Beatles' fans will be thankful this year, but I will be eager to see if Jackson whitewashes the "most miserable sessions on Earth" or reveals fresh truths of the most controversial, but hidden, chapter of the Beatles' legend.

The Beatles: Get Back docuseries streams exclusively on Disney+ starting November 25, 2021.

Tuesday, October 19, 2021

film review: Tom Petty: Somewhere You Feel Free: The Making of Wildflowers

 

Directed by Mary Wharton

ChinoKino score: B

Review by Allan Tong

This new documentary unearths the sessions of Tom Petty's Wildflowers album, based on 16mm footage shot by a friend in 1993-5. It amounts to a tribute rather than an exploration of the late musician, told with care and respect, though offering few revelations. Petty fans will revel in seeing him recording in the studio and discussing his songwriting craft. Occasionally, the normally personal Petty opens up. This is significant, since Petty was a guarded individual though apropos here, because Wildflowers was one of his most reflective, personal statements. Hence, this is a canny choice of a period in the artist's life to spotlight.

The film is largely seen in black-and-white, and intercuts to concert footage, say at the Hollywood Bowl, or to an interview in colour. The B&W apporach casts the film in the past. Remembrances abound, mostly laudatory which is frustrating for the viewer. However, patience leads Petty to eventually admit that Wildflowers was about his troubled marriage, but even here he says it was unconsciously done. Petty's daughter disagrees; she insists this album declared her father's feelings more than other statement. She also admits that her dad was going through therapy at the time.

Rick Rubin weighs in on the actual recording. He enters the story explaining that he found Petty too "melodic" until Full Moon Fever, a global smash that (ironically) yielded several radio-friendly hits. Petty admits that he never officially hired Rubin who, instead, was simply there offering feedback on a regular basis. Rubin chimes in that his hip-hop background influenced the rhythm of the hit, You Don't Know How It Feels. He also lauds Ringo Starr's guest drumming for its presence. Also getting a nod was Mary Jane's Last Dance that Petty quickly wrote and recorded to fill a greatest hits collection. Not bad for a knock-off.


Aside from Petty and his daughter, past band members like Mike Campbell and producer Rick Rubin chime in. The latter confesses that he found Petty and the Heartbreakers too melodic until Full Moon Fever, Petty's worldwide hit album that ironically featured pop hits like Free Fallin'. Song excerpts are illustrated by effective animation. Overall, the film flows well and gently guides the viewer through the making of Wildflowers. It doesn't dive too deeply, though. After all, we don't hear much about the troubled marriage after the initial mention though that friction fuelled the heart of the album. However, this film is the closest that fans and viewers so far have gotten of Tom Petty. Thankfully, Somewhere You Feel Free, honours what is perhaps the most important work by this beloved rock 'n' roll musician.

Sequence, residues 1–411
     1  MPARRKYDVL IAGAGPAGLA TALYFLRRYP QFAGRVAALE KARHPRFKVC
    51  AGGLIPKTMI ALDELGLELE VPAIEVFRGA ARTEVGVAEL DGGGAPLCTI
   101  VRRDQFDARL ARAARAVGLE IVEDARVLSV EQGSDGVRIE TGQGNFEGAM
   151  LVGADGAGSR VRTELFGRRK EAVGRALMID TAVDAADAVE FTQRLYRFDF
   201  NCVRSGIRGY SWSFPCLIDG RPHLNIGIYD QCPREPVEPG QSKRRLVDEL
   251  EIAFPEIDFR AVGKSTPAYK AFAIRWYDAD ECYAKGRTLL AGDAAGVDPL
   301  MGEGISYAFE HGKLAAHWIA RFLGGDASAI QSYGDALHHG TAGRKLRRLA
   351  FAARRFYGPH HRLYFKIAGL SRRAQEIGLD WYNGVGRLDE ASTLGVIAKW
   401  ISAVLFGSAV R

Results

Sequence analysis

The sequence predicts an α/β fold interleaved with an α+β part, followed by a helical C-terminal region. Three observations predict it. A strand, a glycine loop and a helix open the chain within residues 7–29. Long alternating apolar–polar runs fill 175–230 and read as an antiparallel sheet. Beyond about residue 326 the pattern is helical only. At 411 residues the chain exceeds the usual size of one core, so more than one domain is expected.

Somewhere You Feel Free premieres in selected theatres for a limited engagement across Canada, starting October 20.

Friday, May 7, 2021

film review: Street Gang: How We Got To Sesame Street

 


Directed by Marilyn Agrelo

ChinoKino score: A

Review by Allan Tong

Chances are you grew up watching Sesame Street and/or your children watch it now. Its blend of entertainment and education charms pre-schoolers into teaching them the alphabet and counting, and yet is smart enough to entice grown-ups. Sesame Street deserves to be a global phenomenon for the last 52 years and 4,561 episodes (and counting), and this superb documentary explains how this happen.

Circle back to the late-1960s when a TV producer named Joan Ganz Cooney and a Carnegie Foundation exec and psychologist, Lloyd Morrisset, were alarmed that children, especially Black ghetto kids, knew how to sing beer commercials before they could recite the alphabet. Why not use the power of TV to educate? That was a revolutionary idea, but also a gamble. Ganz gave free reign to free-spirited creatives, who were riding the experimental vibe of the sixties. They were led by director Jon Stone and puppeteer Jim Henson.

Stone was disillusioned with TV, but like Cooney was an activist and understood her vision for this show. Stone saw a PSA shot in the streets of Harlem and decided to set the series on those stoops, which gave the show an identity light years from any previous children's show. Going further, the show featured a multiracial cast of Blacks, Latinos and whites that was revolutionary for its time and (sadly) decades to come. Stone's masterstroke was inviting Henson to come on board. Actually, Henson had only done puppetry for adults on TV, but was game to adjust for children.